Mind, don't ask me to advocate that if someone did something to my family. That's like asking a doctor to operate on his or her own child. There are guidelines to prevent emotional involvement.

96. Posted by Brendan (Respected Member 1824 posts) 10y

Quoting tway

Mind, don't ask me to advocate that if someone did something to my family.

That seems to be the root of the whole problem. Once people cease to be ambivalent and are willing to treat everyone the same, regardless if you yourself are involved.

97. Posted by tway (Travel Guru 7273 posts) 10y

Quoting Brendan

Quoting tway

Mind, don't ask me to advocate that if someone did something to my family.

That seems to be the root of the whole problem. Once people cease to be ambivalent and are willing to treat everyone the same, regardless if you yourself are involved.

I get what you're saying, B. I really do. I think it's only human, though, to feel that way - although many families of victims still vehemenantly oppose the death penalty (and who knows - maybe I would too...I hope I would). I don't think you could even hope to be 'in your right mind' if something horrible happened to a member of your family. That's why the laws take over. That's why lady justice wears her blindfold. I'm just saying I don't know how I'd feel. I can't pretend that I'd be ambivalent if it affected me directly.

98. Posted by Q' (Travel Guru 1987 posts) 10y

Quoting Brendan

Depends on how you define "justice". Maybe in simply having justice you don't actually try to fix the problem.

How do you "fix" a person's desire to kill ?

To me, all you can do is make somebody think very very very very hard before taking a life. Whether it is by the death penalty or long term incarceration, these laws "work" by making the consequences of murder something so horrible that it's just not worth taking another person's life over.

Quoting tway

Mind, don't ask me to advocate that if someone did something to my family. That's like asking a doctor to operate on his or her own child. There are guidelines to prevent emotional involvement.

As an aside, that can work the other way as well. As a professional who has influence over life and death situations, you're often told to imagine "if your child was in that position what would you do?" as a method of motivating people to achieve higher quality. We used to fly around in airplanes with our own engines. Luckily nobody screwed up!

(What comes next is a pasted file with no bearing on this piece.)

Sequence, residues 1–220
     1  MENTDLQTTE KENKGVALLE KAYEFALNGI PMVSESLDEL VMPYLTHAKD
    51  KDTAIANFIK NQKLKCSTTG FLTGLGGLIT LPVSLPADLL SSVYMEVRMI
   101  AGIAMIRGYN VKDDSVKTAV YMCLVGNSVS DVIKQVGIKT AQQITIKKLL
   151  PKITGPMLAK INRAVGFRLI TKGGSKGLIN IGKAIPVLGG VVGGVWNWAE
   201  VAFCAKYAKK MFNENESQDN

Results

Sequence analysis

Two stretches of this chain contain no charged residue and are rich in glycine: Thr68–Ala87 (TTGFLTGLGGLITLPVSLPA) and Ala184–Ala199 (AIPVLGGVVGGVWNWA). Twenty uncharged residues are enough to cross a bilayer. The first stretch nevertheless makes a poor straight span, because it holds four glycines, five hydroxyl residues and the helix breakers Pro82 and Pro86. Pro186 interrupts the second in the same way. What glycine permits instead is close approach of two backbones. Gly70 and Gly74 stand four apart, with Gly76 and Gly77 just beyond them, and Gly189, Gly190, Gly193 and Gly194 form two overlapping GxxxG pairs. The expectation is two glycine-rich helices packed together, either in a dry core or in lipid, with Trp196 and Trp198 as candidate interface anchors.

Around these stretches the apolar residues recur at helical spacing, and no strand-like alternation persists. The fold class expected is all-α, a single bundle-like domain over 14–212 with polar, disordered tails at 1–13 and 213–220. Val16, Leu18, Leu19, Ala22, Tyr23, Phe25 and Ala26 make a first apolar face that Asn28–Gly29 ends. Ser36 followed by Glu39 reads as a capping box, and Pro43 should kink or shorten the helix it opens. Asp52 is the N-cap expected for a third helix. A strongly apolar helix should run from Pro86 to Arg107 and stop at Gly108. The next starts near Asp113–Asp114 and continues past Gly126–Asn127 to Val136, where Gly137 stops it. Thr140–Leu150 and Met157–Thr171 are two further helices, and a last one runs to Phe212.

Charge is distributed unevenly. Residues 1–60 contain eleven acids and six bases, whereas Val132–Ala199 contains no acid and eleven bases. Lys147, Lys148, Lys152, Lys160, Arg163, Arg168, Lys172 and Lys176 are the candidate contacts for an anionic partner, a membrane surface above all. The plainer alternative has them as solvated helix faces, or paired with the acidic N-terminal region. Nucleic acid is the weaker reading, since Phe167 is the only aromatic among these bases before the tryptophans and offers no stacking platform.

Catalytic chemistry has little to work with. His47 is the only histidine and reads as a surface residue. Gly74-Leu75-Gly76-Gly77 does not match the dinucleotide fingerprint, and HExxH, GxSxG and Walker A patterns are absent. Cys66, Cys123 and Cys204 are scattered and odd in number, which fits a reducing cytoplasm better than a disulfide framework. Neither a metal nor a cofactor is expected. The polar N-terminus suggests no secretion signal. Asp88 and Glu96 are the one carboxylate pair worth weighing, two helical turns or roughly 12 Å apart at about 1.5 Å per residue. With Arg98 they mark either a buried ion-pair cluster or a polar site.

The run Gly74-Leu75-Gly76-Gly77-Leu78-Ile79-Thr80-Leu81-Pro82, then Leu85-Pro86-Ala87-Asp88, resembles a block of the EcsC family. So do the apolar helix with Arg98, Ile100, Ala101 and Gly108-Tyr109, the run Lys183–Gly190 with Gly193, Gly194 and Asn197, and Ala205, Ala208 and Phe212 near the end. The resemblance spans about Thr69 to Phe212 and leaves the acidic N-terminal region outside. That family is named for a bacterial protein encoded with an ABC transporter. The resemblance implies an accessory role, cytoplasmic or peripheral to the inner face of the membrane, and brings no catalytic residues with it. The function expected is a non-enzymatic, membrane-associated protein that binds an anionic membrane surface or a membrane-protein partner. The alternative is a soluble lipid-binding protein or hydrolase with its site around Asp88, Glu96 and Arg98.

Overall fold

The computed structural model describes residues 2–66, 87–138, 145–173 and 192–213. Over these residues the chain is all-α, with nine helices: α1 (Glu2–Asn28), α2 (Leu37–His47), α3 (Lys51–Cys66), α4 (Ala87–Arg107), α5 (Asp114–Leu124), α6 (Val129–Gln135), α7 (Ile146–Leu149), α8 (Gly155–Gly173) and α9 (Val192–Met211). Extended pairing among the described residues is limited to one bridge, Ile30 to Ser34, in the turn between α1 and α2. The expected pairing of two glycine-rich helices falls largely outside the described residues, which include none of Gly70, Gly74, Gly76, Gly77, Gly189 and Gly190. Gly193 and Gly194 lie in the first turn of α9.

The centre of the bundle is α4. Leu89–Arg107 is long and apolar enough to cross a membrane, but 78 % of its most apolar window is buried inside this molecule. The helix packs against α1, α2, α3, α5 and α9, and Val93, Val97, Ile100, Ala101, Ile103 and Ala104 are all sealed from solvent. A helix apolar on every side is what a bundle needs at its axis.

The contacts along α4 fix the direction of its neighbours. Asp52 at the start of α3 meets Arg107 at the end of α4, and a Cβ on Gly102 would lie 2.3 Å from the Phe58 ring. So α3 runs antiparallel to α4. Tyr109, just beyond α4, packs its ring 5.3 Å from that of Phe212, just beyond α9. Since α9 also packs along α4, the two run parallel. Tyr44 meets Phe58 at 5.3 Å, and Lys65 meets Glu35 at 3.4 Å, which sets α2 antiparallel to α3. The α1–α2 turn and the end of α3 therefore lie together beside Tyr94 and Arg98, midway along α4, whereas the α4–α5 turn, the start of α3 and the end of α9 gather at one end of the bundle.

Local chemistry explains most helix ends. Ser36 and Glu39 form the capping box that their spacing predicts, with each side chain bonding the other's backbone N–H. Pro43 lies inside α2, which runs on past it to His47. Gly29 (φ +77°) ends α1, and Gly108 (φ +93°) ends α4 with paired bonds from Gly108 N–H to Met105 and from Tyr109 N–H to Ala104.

99. Posted by james (Travel Guru 4136 posts) 10y

Quoting Brendan

Depends on how you define "justice". Maybe in simply having justice you don't actually try to fix the problem.

An eye for an eye = justice

100. Posted by tway (Travel Guru 7273 posts) 10y

Quoting Q_Zhang

As a professional who has influence over life and death situations, you're often told to imagine "if your child was in that position what would you do?" as a method of motivating people to achieve higher quality. We used to fly around in airplanes with our own engines. Luckily nobody screwed up!

Watching all those Law & Order shows, I was under the impression that you were suppoed to put aside such feelings and look at the facts - the law. The "what if it were your child" route seems like something a lawyer would say to pursuade the powers that be to his or her side. Laws are made to be rational, not emotional.

Likewise, people who flew with their own engines were being rational - they made something they believed worked, and put only themselves at risk. I meant something more along the lines of, say, a police officer having to arrest their spouse/child/parent for drunk driving. The laws are clear, but the emotional implications can too easily circumvent the law. In that case, someone with a more level head and no involvement should take over.

Page 1 ... ...

Last Post

This thread is closed